Regrettably, Jim Gray is still missing, but I thought Amazon.com deserved more kudos than they got in the press for their extraordinary effort to help in the search for Gray's yacht. Google got a lot of press coverage for talking up the idea of using satellite image sources, but Amazon did it. Why is that? One reason is that Amazon has a lot of experience operating and maintaining very large distributed databases (VLDBs). Another reason is that it's not just Google that has been developing interesting Internet tools. Amazon (somewhat quitely, by comparison) has also developed their own Internet tools, like the Mechanical Turk. These two strengths combined at Amazon and enabled them to load a huge number of satellite images of the Pacific into the Turk database, thereby facilitating anyone (many eyes) to scan them via the Turk interface, and all that on very short order. Jim would be impressed.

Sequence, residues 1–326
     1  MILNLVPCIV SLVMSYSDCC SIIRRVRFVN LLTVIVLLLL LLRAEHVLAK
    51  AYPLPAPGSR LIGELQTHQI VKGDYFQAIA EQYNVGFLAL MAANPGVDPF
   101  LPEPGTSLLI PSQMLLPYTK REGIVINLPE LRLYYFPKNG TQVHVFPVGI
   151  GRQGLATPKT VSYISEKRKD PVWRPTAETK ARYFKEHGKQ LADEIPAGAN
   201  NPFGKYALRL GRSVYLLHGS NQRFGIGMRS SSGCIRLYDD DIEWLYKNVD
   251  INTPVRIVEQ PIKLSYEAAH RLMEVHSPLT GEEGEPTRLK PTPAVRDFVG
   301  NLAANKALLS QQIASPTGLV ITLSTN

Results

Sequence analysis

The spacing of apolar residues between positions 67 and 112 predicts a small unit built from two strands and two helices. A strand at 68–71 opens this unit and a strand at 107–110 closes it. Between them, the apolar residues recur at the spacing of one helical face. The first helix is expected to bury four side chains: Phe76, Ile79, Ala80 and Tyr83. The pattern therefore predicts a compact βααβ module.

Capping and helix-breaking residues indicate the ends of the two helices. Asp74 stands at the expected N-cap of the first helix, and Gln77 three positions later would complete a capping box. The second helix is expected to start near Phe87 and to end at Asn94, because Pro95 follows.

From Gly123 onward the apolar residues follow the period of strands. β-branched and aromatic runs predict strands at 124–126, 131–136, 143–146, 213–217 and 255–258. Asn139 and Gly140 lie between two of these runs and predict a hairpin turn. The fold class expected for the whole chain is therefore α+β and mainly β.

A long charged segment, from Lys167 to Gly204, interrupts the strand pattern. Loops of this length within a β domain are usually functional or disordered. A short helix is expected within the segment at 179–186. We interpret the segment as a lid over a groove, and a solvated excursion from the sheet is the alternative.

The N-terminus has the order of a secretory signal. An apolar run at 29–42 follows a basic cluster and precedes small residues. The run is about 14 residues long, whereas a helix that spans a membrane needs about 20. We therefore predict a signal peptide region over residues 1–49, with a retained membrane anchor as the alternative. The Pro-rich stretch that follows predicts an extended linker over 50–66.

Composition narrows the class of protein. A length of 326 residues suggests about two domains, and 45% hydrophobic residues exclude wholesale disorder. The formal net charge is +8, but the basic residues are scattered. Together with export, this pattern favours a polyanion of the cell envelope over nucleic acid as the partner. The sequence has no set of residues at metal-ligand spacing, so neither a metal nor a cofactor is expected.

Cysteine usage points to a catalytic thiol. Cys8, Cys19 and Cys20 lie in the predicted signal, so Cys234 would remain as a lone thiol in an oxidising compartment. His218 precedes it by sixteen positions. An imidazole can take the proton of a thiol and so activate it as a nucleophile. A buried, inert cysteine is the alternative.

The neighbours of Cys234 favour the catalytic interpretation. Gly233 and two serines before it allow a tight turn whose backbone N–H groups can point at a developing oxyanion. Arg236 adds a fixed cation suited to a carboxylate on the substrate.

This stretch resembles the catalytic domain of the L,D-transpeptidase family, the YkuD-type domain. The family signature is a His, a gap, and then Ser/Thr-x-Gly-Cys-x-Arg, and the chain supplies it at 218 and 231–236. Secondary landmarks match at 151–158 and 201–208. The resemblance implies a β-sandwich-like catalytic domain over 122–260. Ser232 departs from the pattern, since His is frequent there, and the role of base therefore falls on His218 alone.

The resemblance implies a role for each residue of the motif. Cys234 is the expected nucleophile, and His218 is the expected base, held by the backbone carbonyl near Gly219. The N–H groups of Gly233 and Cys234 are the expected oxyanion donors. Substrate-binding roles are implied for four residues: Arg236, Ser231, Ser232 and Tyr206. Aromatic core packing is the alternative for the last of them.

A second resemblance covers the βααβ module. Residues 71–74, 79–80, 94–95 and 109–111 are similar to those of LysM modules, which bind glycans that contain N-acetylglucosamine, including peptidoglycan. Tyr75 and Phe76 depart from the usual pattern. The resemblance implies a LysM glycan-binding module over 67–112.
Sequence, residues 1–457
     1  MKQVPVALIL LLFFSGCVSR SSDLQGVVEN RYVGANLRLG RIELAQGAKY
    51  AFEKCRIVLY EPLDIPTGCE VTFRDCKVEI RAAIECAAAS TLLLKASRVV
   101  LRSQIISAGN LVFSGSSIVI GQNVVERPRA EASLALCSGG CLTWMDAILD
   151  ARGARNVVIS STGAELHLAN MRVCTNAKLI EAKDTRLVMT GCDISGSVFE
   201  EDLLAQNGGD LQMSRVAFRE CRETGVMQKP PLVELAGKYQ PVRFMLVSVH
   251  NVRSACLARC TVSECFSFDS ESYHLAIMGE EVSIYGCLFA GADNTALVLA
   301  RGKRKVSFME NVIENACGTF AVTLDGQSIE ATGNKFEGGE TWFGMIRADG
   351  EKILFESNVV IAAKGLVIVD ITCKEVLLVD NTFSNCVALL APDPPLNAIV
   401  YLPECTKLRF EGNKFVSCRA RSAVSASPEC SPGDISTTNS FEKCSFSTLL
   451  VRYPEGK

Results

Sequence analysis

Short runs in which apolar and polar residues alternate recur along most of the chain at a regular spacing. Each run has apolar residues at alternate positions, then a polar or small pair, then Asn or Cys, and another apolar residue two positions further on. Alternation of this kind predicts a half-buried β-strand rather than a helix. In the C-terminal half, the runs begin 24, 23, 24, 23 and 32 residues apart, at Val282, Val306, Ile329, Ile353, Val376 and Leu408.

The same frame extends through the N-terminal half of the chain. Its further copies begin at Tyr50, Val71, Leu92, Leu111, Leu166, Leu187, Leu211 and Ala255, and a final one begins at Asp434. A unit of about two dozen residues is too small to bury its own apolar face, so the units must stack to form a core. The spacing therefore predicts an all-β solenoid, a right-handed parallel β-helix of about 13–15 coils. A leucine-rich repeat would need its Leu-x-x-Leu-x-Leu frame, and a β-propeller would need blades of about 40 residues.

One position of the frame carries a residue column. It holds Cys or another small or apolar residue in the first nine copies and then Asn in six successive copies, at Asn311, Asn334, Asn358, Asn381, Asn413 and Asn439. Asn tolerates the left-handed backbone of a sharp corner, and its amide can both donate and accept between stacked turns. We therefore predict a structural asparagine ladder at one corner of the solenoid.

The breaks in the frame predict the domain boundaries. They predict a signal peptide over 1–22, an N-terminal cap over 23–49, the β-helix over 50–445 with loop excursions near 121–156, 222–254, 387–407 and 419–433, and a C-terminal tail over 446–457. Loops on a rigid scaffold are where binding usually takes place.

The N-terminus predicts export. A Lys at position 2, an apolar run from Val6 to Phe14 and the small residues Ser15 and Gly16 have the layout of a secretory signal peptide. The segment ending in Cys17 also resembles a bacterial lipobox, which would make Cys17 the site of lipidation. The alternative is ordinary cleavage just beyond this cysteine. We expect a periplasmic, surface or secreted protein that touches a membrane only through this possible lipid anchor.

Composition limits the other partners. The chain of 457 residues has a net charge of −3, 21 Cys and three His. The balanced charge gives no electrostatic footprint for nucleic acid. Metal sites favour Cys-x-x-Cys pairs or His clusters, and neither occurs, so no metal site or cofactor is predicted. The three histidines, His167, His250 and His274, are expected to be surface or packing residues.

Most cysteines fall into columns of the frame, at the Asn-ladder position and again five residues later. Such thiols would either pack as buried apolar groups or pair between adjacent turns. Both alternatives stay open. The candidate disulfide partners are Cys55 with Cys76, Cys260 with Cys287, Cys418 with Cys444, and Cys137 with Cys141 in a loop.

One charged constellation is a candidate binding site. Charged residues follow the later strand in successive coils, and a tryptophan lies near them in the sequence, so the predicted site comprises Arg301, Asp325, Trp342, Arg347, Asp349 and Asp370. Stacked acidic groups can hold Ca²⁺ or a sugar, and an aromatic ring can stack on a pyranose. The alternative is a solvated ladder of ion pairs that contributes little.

I spent several hours on Sunday, Feb 4th, using Amazon's Mechanical Turk to help look for Gray's yacht. The images above (here about one quarter the size displayed by the Turk) show one example where I thought there might have been an interesting object; possibly a yacht. Image A is captured by the satellite at a short time before image B (t1 < t2). You can think of the satellite as sweeping down this page. Things like whitecaps on the ocean surface are going to tend dissipate and thus change pixels between successive frames, whereas a solid object like a ship will tend to remain invariant. The red circle (which I added) marks such a stable set of pixels which also have approximately the correct dimensions for a yacht i.e., about 10 pixels long (as explained by Amazon). Unfortunately, what appears to be an interesting object here has not led to the discovery of Gray's whereabouts.
Use of the Turk satellite images was hampered by a lack of any way to reference the images (about 5 per web page) by number, and there was no coordinate system within each image to express the location of any interesting objects. These limitations could have led to ambiguities in the follow up human expert search of flagged images. However, given that time was of the essence for any possible rescue effort, omitting these niceties was a completely understandable decision.